I’ve been really struggling these past few days. I think I need to fire my divorce attorney. He doesn’t respond to my phone calls or e-mail messages when I need to reach him. When he finally calls me back, a couple of days might have gone by. I have no idea what he’s doing. I don’t know what we’re supposed to do. He’s not preparing me for mediation or letting me know what comes next. This is not the way I expected him to represent me.
Regardless of what I end up doing or not with my current attorney, this got me thinking. During the worst part of the devaluation phase, I bottled everything up. Apart from my mother, I didn’t have many people to talk to. Part of it, as I had said before, it was the self-isolation out of embarrassment and the feelings of inadequacy. I was so ashamed of not being able to hold it together.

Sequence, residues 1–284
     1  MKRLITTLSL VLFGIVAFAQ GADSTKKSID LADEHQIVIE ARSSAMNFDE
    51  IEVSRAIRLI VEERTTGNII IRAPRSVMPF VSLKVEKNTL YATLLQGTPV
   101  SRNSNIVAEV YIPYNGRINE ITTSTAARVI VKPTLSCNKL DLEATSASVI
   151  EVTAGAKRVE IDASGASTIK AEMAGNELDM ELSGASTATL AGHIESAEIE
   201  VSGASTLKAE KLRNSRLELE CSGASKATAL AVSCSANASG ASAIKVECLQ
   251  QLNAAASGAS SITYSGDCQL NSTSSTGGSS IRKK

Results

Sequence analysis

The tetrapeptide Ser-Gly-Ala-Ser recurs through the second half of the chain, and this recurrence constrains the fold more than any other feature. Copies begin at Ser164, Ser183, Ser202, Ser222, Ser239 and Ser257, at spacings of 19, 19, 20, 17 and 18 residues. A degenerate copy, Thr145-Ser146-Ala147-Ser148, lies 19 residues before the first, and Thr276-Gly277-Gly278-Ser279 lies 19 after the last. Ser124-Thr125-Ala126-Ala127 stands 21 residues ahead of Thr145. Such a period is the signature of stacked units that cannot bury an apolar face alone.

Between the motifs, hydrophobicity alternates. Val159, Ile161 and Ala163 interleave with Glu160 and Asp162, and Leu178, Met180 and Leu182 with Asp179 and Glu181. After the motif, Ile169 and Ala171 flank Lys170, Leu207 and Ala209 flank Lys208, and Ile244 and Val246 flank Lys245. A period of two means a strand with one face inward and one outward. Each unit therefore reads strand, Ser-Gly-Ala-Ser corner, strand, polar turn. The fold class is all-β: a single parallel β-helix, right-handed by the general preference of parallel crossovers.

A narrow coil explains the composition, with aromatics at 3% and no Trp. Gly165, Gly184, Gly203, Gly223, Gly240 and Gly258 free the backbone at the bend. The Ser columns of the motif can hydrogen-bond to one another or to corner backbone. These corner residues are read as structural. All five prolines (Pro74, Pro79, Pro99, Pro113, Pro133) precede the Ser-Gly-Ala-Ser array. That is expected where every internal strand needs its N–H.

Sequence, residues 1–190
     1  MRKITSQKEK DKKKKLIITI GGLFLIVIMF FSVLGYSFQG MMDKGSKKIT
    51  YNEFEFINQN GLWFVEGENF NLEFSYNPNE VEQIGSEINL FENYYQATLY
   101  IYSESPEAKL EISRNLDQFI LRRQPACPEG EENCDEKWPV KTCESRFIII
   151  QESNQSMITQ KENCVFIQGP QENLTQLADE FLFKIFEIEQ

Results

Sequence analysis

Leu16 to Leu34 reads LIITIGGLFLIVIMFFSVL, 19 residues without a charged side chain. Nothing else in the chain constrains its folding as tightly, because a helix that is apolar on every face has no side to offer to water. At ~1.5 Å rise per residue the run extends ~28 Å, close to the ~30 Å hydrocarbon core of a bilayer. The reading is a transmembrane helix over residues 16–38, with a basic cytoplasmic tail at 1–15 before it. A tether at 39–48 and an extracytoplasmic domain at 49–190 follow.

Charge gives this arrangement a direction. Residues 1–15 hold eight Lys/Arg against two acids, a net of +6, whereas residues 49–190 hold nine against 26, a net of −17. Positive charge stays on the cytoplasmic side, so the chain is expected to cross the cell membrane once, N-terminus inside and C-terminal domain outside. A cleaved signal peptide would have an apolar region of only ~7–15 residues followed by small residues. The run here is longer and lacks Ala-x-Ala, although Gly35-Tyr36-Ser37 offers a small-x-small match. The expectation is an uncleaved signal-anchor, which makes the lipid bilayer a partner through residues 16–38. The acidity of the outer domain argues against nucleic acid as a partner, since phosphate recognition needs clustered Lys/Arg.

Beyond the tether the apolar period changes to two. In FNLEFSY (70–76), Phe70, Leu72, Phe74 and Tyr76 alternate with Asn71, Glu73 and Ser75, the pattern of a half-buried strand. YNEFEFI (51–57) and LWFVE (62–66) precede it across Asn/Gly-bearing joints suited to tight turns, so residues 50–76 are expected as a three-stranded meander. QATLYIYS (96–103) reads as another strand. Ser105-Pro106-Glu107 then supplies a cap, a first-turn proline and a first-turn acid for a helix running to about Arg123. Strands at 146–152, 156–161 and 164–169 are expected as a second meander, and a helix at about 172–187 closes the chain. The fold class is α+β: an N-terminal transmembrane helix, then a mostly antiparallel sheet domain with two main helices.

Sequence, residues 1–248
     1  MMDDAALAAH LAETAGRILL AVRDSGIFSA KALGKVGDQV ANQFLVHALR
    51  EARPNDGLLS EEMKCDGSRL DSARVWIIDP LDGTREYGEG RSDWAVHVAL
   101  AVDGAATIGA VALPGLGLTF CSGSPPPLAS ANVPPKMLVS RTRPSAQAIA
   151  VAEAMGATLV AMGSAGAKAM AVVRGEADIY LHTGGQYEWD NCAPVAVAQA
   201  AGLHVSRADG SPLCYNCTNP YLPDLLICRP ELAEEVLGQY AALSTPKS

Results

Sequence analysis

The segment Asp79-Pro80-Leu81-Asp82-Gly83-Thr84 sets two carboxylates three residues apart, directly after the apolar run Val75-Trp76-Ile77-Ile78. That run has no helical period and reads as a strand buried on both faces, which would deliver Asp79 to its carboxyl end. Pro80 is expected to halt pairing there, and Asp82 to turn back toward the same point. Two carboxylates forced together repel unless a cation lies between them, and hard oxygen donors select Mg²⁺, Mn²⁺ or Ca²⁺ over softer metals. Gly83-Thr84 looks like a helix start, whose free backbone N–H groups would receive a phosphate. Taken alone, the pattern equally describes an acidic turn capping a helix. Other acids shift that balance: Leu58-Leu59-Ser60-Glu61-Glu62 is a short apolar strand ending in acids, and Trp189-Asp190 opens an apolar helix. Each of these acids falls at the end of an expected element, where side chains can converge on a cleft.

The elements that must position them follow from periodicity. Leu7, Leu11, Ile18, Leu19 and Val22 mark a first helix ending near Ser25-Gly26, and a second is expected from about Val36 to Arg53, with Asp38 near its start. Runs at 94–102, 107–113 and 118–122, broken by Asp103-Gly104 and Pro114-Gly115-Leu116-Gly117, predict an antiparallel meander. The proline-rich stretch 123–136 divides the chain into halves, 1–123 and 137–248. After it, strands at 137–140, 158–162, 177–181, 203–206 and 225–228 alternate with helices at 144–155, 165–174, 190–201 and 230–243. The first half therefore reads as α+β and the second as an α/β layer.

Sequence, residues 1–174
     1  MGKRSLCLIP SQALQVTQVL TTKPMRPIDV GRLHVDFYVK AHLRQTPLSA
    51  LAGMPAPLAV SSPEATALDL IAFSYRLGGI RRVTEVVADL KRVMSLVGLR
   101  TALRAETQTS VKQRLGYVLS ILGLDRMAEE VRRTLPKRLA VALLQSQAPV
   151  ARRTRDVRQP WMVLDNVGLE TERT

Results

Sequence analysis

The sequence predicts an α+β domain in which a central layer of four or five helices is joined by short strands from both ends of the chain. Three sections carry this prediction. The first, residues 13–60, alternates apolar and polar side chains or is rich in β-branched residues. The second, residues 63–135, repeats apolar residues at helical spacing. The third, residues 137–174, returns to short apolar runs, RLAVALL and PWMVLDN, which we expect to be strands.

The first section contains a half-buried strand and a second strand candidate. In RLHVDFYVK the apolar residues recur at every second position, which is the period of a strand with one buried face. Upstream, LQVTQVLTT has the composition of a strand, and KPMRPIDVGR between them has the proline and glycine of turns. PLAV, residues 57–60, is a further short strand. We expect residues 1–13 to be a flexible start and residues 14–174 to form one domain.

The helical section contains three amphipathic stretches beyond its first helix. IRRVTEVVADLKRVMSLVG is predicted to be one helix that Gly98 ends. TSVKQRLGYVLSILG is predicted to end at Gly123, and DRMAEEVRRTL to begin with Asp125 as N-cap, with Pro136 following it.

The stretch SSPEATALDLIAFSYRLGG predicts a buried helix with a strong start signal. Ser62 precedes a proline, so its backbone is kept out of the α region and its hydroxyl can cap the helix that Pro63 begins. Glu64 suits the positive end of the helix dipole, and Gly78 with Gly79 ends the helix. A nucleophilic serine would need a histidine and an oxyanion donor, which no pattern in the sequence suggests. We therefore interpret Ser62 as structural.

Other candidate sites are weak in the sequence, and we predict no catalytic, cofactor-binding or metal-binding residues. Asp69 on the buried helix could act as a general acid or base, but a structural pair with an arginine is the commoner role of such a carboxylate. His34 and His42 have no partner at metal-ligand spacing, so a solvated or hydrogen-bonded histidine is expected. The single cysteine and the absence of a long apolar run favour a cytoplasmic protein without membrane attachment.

Unfortunately, the bottling things up would end up affecting my physical health, too. I started to suffer from insomnia. Without giving any details, I would just say I was having problems sleeping. Some friends recommended natural remedies and melatonin. The latter keeps me awake, actually.
My best friend says my brain works overtime. During those sleepless nights, it worked more than overtime. It worked double time and double speed. I would stay awake, contemplating, analyzing, trying to find a way to solve my problems.
I always considered myself a problem solver. How come I couldn’t solve the problems in my life? What I didn’t know back then was that: 1) It wasn’t me; 2) You cannot solve the unsolvable and what cannot be changed.
The other thing I didn’t know was that I should have reached out and try to share what was going on, even if it was nothing else but the feelings of inadequacy. Talking can help. Keeping inside does not. Between all of this and then a baby, I started to be so sleep-deprived that I almost had a few car accidents. I once almost fell asleep while driving. Another time, I almost passed out.